How to Measure Diversity in the Workplace

A diverse workforce presents a number of benefits, not only for a company as a whole but for the employees who work there — and for the company’s clients or customers, as well. A diverse workplace includes employees across a range of racial backgrounds, ethnicities, ages and genders. While workplaces may vary, employees may also have different sexual orientations, educational backgrounds, religious beliefs, languages and skills.

These differences provide your company with a wider range of experiences, abilities and opinions that can help you thrive and grow. For example, having a diverse staff can help boost your company’s creativity. People from similar backgrounds are likely to have similar opinions and ideas, but the more diverse your staff is, the more likely you are to get a wider variety of ideas.

Studies have found that diverse workforces are also more productive than less diverse ones, possibly because a wider range of experiences and opinions helps employees meet customers’ needs more efficiently and effectively. Today’s marketplace consists of diverse customers, and a diverse workforce enables you to connect with those customers. A diverse workforce is also likely to have higher levels of morale, which in turn can help promote retention and reduce turnover, which helps lower your company’s overall operating costs. Research has also found that companies with diverse workforces generate more profits than less diverse ones.

So, how do you know if your company is truly diverse? By using metrics to measure diversity and inclusion. These kinds of key performance indicators, or KPIs, can help you track your company’s progress toward embracing a diverse workplace.

Diversity and Inclusion KPIs

There are a variety of quantitative measures of diversity and inclusion you can use to evaluate your company. These diversity metrics include:

  1. Recruitment figures. How many people apply for positions at your company from different groups? Do you receive applicants from a diverse set of backgrounds, or a more heterogenous group? Looking at recruitment figures can help you determine how biased or broad your recruitment efforts are. Additionally, you can see whether your company needs to adapt its recruitment strategies and advertisements to appeal to a wider range of candidates.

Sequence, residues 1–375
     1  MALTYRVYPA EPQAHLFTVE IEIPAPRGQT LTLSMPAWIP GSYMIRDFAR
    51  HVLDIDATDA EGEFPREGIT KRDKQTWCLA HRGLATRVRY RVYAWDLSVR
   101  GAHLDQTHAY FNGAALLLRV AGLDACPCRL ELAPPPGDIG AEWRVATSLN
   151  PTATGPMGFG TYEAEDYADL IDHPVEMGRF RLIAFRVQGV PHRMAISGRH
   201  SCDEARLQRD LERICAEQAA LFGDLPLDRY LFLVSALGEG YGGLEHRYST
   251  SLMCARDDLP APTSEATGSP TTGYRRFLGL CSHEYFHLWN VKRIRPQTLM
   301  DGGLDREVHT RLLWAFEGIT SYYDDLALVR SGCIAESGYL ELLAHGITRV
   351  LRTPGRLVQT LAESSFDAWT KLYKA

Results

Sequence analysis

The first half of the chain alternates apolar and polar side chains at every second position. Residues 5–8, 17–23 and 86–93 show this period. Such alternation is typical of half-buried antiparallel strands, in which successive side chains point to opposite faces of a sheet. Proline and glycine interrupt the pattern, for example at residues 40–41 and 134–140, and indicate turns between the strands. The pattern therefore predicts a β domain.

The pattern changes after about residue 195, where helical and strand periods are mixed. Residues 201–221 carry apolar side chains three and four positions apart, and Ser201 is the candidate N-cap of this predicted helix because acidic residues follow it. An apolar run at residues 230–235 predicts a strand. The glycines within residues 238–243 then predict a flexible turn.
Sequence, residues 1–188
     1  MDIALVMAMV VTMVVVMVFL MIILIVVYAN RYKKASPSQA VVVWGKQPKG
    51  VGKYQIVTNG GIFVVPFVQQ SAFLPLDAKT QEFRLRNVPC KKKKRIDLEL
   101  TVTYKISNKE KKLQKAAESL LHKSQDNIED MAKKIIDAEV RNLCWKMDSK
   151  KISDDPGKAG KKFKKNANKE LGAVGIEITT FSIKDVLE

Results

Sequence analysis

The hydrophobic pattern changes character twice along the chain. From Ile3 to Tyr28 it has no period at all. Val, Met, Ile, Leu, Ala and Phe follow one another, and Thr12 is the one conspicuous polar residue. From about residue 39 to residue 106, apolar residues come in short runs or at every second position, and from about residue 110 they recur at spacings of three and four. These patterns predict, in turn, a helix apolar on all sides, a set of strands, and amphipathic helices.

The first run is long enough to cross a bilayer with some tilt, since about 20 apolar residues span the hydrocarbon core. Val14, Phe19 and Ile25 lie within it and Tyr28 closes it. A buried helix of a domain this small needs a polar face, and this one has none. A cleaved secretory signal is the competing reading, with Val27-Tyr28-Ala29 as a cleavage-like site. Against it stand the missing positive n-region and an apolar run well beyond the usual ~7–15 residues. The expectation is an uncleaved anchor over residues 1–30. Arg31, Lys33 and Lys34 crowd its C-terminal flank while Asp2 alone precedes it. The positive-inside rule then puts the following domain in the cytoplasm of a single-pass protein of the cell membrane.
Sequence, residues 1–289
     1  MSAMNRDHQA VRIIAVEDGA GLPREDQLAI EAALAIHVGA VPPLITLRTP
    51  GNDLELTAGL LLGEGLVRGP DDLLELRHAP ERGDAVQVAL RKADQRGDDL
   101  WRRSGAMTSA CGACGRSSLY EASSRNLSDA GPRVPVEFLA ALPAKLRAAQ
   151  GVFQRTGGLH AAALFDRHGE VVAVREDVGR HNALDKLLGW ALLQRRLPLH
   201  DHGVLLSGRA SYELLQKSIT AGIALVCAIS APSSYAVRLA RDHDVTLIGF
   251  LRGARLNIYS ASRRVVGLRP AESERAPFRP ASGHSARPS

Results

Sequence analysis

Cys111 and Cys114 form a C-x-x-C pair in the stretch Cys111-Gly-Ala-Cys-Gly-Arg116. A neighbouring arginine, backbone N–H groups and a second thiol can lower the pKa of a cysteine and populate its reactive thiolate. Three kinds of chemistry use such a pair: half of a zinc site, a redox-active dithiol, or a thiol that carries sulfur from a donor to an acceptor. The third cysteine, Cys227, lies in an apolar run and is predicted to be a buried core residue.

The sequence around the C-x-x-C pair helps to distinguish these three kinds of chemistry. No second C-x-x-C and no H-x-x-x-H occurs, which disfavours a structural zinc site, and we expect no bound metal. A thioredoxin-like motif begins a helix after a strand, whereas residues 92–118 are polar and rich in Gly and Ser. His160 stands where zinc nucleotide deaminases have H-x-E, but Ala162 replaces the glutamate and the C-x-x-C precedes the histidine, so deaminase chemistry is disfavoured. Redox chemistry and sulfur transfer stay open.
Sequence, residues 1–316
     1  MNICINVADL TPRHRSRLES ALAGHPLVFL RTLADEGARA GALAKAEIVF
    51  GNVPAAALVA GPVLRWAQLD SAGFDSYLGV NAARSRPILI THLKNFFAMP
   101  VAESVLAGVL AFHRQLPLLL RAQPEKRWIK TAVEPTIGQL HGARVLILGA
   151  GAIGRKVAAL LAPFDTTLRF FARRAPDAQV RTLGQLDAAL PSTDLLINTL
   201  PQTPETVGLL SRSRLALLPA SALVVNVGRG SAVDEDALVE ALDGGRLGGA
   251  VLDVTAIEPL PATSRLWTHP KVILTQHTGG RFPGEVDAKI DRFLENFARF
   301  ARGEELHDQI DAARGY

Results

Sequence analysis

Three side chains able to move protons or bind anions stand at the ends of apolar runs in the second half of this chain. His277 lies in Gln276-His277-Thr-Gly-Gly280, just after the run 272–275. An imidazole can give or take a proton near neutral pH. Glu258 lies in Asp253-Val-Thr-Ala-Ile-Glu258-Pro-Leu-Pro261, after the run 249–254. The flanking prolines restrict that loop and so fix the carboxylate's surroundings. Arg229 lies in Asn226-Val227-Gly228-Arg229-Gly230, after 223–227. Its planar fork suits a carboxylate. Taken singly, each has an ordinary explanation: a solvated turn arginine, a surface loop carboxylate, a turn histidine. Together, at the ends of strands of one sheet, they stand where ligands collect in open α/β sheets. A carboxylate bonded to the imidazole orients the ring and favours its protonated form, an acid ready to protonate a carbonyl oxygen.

2.  Selection figures. How does your company fare when it comes to hiring candidates? Is your company hiring a wide range of candidates, or are certain groups over-represented? Comparing these figures to recruitment numbers can provide further insight into your company’s hiring processes.
  3. Promotion figures. Who gets promoted at your company? Are individuals from certain groups more likely to get promoted than others from underrepresented groups? Are there roadblocks to prevent certain people from achieving promotions? These statistics can help you determine if promotions are being awarded fairly and whether your company needs to put more effort into developing and supporting employees so that they are able to achieve professional growth.
  4. Pay comparisons. How do salaries and benefits of different employees compare? Are some groups of people making less than others? What about other benefits, such as PTO and health care? Examining these metrics can help you uncover bias regarding pay.
  5. Representation figures. Look at your entire organization. How diverse it is compared to your community, to other companies in your industry, and to the workforce as a whole? Are there groups of people who are underrepresented in your company compared to your community or industry? These figures can help you get the “big picture” when it comes to the diversity of your current workforce.
  6. Retention figures. Who tends to stay at your company, and who tends to leave? Even if you recruit and hire a diverse pool of talent, do those employees stay on, or do they leave relatively quickly? These figures can help you uncover management or culture issues that may hinder your growth and diversity.
  7. Employee engagement figures. How engaged are the members of your team? Do you see different levels of involvement from different people? Like retention figures, these stats can help you determine whether your company has biased practices that may be affecting some employees more than others.
  8. Customer diversity figures. How diverse is your customer or client base? Are there certain sectors or groups in your target market that you are failing to serve? These numbers could help you broaden your company’s reach.
  9. Supplier diversity figures. How diverse are your suppliers? Are there ways you can broaden your partnerships? Evaluate these relationships to help you decide whether to opt for new suppliers who can help improve the overall diversity of your company.
  10. Exit interviews. Exit interviews conducted with employees who are voluntarily leaving the organization can provide firsthand data about their experiences with your business. These experiences, combined with retention figures, can help uncover institutional bias or a culture that could be improved.

CoachDiversity Institute: Helping Your Organization Become More Inclusive and Diverse

Need assistance creating a more diverse workplace? CoachDiversity Institute offers a range of coaching programs designed to help you build a more inclusive culture at your company. We also offer diversity and inclusion training certification programs. Contact CoachDiversity Institute today to learn how we can help.